Competitive Cycling for Life
A cycling time trial is sometimes called the 'race of truth' because it is the simplest purest race against the clock. Each rider sets off on their own and covers the specified course in the fastest time they can, alone and unpaced. It is you against the clock. No tactics, no teamwork, no game-plan other than to finish in the shortest possible time.
Riders usually set off at minute intervals, counted down by the timekeeper. You ride at your own pace and may be overtaken by other riders, or you may overtake others. Whatever happens you must never shelter in the slipstream of another rider and you should not take pace from anyone else (as your result will be disqualified).
The beauty of time trialling is that anyone can do it. Fast or slow, young or old, experienced or inexperienced. If you want to spend thousands of pounds on a state-of-the-art bike you can, if you want to ride on the old bike you've got in the shed you can - as long as it is roadworthy.
There are two types of events in British time trialling – Club Events and Open Events. The VTTA organised events are normally Open events but many riders make a start in the sport by riding local Club events.
These events are run by local cycling clubs primarily for the benefit of their own club members. Events usually take place on weekday evenings during the summer and often clubs hold events every week with a points competitions or league over the whole season. Although club events are mainly for club members it is a tradition in time trialling that visiting riders are made welcome. So if you would like to take part in a race and you can find the details of a local club event taking place near by then you would be welcome to go along and ask the event organisers whether you may take part. No pre-entry is required but there will be a small charge of £3-£5. Go along to the meeting point in plenty of time for the start of the race, sign-on, pay the entry fee and join in.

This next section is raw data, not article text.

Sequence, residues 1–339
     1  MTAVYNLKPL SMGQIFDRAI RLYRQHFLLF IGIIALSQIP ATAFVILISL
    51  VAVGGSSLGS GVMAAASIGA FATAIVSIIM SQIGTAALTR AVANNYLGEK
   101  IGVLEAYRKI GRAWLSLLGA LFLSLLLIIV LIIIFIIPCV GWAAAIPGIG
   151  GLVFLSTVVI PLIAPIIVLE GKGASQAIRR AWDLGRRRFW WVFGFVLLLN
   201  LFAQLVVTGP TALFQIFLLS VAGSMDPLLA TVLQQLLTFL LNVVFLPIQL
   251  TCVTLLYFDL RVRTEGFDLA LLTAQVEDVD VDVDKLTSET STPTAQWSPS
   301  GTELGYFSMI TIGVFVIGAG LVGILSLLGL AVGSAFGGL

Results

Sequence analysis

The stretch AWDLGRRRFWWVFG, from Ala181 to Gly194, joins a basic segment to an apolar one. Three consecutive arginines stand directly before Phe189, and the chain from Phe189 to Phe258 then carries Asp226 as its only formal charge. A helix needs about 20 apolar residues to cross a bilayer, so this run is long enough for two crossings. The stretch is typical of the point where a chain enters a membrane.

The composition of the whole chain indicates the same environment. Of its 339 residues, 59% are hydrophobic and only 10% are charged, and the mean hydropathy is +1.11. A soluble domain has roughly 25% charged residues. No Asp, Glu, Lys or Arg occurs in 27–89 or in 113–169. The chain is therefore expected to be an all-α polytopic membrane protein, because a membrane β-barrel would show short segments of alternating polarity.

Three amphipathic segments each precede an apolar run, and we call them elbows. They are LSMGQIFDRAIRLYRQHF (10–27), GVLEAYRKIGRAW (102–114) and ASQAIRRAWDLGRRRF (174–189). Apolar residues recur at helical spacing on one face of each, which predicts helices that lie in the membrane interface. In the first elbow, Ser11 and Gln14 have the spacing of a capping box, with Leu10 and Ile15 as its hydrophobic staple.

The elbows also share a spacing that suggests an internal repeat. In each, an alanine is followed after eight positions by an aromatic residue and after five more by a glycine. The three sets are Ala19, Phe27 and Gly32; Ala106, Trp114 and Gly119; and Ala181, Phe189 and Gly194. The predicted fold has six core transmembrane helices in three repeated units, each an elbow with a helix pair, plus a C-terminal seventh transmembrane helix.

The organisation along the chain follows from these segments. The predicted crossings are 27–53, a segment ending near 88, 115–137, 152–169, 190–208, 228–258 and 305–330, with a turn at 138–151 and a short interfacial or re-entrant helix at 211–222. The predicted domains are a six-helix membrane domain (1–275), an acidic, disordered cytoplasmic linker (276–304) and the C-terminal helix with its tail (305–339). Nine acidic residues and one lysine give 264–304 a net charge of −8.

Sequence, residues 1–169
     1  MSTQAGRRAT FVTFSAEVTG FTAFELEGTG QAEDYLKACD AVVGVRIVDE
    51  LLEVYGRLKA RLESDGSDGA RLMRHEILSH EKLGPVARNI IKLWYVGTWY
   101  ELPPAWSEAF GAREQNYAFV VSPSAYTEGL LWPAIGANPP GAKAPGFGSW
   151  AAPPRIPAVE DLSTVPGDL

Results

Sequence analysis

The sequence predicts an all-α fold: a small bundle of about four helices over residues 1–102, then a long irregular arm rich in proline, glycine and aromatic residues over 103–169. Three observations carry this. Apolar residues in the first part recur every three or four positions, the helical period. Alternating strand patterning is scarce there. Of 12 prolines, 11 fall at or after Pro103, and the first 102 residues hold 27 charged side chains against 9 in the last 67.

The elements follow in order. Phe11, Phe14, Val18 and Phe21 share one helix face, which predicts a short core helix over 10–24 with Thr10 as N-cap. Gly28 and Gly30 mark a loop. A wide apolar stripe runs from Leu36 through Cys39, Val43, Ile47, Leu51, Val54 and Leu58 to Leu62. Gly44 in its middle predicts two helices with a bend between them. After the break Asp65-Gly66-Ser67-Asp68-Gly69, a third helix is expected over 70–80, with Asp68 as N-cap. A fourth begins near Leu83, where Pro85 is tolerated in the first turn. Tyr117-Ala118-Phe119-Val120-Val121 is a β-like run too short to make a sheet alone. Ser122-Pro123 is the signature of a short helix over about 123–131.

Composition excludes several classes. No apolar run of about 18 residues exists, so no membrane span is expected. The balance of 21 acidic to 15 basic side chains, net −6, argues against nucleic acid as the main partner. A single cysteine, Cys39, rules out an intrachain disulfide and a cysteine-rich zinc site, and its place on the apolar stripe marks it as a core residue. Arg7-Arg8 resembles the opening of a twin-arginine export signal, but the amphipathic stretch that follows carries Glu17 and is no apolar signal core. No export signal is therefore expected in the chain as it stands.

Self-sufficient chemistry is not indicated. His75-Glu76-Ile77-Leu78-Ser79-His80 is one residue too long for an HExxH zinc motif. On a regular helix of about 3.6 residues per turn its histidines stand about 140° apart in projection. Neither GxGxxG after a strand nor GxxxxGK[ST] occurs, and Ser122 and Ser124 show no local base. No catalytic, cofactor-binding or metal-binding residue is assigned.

These events are more formal with pre-defined start lists (no entries are ever accepted on the day). Clubs put on open events, usually at the weekend, for the benefit of the wider cycling community. Anyone who is a member of a CTT-affiliated club is eligible to enter an open event but the entry closing date is usually two weeks before the event so some forward planning is needed. Riders receive a start sheet from the event organiser by email or post during the week before the event or the start sheet can be found on the CTT website. This will give full details of the event HQ and your start time.
For safety reasons and for the standardisation of distances time trialling is only done on roads which have been approved for use by the local CTT district committee. Factors which are taken into account in the risk assessment include the safety of the start and finish points, the volume of traffic, the width and surface of the road and the safety of junctions. Obviously courses need to be free of traffic lights or junctions where stopping is likely to be a necessity. They are often of a standard distance such as 10, 25 or 50 miles, but this is not always the case.
In time trialling each approved course is represented by a course code. Unfortunately this can mean that those who do a lot of time trialling often talk in course codes which can seem a bit bewildering - but it is just easy short-hand for those who are heavily into their time trialling!
Club events require no pre-entry. Just turn up on the day of the event in plenty of time, sign on and join in.
There are two ways to enter open events:
Time trials in Scotland are also organised by Scottish Cycling. See here for details.